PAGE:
Monitoring And Understanding User Activity
Effective monitoring of user behavior can tip you off to a threat before it goes too far. Here are some tips on how to do it right
[The following is excerpted from "Fundamentals of User Activity Monitoring," a new report posted this week on Dark Reading's Security Monitoring Tech Center.]
Effective security programs must quickly identify system misuse, provide sufficient information to halt an attack, and help clean up any damage. How can IT administrators and business managers track anomalous behavior and detect attacks? Monitoring.
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User activity monitoring is the only way to get ahead in the security game. It's how we identify attacks and system misuse -- while it's happening and, it's hoped, early enough to stop it. User activity monitoring is not simply a matter of randomly looking at activity; rather, it's an examination of events linked to specific users across multiple systems to develop a complete picture of what's going on.
There are many reasons to monitor user activity. First and foremost, both attackers and malicious insiders leverage user credentials to misuse systems. Second, certain user behavior -- for example, the exfiltration of data from a database -- can signal a possible breach. Network monitoring tells us only so much, and no single device or application provides a whole story.
Exposing an ongoing attack -- or identifying the damage caused -- requires analysis of a chain of events across several services. By linking actions to users, monitoring paints a picture of the users' intentions.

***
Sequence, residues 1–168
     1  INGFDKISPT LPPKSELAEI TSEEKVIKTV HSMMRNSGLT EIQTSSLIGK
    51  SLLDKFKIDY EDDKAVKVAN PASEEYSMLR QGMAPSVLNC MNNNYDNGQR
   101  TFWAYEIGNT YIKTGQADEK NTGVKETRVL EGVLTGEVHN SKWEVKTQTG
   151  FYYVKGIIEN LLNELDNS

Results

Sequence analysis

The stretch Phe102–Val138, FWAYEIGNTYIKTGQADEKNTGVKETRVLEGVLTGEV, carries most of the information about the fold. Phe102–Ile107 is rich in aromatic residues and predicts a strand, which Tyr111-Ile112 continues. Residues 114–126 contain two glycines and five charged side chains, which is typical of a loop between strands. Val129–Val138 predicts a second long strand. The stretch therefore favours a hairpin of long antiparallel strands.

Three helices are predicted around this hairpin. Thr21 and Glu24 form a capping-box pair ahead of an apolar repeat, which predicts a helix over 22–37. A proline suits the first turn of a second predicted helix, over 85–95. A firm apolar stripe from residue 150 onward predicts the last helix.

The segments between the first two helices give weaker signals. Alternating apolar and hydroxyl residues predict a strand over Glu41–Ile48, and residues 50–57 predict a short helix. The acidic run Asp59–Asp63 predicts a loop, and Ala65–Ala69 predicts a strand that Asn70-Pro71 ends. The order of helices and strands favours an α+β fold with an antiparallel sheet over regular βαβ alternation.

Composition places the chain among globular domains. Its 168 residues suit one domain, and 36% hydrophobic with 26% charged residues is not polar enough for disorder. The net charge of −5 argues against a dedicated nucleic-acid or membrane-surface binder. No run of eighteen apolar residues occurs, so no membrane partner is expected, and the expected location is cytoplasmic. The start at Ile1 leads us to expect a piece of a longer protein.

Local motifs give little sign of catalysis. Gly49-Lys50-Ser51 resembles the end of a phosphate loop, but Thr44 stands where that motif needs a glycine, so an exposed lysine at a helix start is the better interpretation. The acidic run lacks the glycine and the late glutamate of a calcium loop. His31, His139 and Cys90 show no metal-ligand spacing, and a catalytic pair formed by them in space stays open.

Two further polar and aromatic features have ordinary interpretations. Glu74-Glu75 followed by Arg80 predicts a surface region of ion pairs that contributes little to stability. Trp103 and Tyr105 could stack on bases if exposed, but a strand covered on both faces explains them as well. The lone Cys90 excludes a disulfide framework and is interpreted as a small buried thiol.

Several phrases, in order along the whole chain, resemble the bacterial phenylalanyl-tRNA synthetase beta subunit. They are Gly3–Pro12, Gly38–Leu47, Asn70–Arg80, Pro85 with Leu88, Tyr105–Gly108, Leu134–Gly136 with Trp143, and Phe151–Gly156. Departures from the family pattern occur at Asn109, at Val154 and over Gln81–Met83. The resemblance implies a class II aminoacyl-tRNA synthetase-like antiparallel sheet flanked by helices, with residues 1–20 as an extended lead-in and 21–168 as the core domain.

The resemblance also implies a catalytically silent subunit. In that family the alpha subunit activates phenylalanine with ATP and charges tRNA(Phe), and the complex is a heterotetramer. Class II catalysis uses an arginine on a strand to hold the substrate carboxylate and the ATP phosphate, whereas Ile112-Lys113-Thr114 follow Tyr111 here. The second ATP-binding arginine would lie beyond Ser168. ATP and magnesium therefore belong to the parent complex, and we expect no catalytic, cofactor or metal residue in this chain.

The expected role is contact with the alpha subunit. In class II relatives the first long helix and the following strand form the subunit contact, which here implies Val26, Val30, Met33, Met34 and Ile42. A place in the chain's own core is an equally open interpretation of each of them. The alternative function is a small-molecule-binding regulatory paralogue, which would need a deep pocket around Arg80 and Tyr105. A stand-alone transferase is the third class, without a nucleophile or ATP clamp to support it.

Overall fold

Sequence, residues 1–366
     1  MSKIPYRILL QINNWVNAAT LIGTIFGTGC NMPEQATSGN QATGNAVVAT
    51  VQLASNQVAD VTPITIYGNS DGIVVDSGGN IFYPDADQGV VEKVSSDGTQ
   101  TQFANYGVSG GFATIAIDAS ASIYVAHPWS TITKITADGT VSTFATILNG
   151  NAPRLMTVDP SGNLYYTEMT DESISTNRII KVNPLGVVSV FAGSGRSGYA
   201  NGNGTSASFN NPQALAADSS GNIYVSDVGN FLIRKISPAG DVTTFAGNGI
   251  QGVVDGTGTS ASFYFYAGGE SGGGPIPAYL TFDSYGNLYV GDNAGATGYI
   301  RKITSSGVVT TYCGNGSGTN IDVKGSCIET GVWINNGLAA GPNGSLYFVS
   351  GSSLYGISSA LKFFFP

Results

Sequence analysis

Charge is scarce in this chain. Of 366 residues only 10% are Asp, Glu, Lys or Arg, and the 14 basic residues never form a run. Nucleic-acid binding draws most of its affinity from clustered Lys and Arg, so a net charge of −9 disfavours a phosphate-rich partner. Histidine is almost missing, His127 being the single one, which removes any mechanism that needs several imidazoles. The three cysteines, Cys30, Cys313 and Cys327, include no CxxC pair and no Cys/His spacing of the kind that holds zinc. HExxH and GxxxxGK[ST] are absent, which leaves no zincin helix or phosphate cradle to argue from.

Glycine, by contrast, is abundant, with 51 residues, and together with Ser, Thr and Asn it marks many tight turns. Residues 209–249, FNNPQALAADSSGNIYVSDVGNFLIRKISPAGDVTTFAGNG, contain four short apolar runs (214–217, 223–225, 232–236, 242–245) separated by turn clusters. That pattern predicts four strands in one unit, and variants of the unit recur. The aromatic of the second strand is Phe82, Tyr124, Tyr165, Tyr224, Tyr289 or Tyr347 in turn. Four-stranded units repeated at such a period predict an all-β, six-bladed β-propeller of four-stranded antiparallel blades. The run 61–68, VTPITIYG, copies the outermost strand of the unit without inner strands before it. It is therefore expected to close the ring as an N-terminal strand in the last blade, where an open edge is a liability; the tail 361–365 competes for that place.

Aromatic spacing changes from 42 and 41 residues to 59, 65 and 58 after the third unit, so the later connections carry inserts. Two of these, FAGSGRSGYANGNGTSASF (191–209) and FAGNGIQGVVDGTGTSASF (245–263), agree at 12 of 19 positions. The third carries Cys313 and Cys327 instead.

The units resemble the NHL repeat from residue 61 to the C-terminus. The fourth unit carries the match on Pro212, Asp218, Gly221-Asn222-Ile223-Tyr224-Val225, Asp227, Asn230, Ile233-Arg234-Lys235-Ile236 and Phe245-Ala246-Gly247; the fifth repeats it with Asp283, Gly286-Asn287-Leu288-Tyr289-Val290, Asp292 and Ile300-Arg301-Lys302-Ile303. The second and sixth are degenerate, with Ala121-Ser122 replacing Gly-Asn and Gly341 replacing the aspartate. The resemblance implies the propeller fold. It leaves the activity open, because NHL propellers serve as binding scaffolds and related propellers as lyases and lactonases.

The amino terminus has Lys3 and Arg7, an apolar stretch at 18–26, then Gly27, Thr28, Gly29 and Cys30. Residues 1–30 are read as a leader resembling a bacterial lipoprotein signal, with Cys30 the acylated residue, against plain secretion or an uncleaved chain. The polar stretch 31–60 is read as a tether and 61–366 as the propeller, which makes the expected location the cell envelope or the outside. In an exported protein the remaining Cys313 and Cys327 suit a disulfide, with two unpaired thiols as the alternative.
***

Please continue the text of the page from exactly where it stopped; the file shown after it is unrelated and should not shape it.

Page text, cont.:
What does it mean to monitor user activity? It means capturing the actions of a user -- including the use of applications, services, networks, and data in your IT environment. There are several ways to monitor user activity, each with different strengths and weaknesses.
One method is to examine specific actions of users as they leverage IT resources -- which applications they use, which files they request, what databases they use, what portions of the network they are on, what operations they perform, and so on. If a user engages in what's considered a risky operation -- say, accessing a file containing credit card numbers -- monitoring systems will generate an alert with specific data noting why the operation is considered a security issue. In essence, we're examining the action of some user against an IT resource and generating an alert if it's a violation of existing policies.
Another method involves monitoring user behavior against historic usage patterns -- for example, comparing what users are doing now with what they've done in the last 30, 60, or 90 days. If a user does something different from what he or she normally does -- for example, downloading an entire customer database as opposed to a single customer record -- an alert would be generated.
To learn more about the process of user activity monitoring -- and the tools and practices used to implement it -- download the free report on user activity monitoring.
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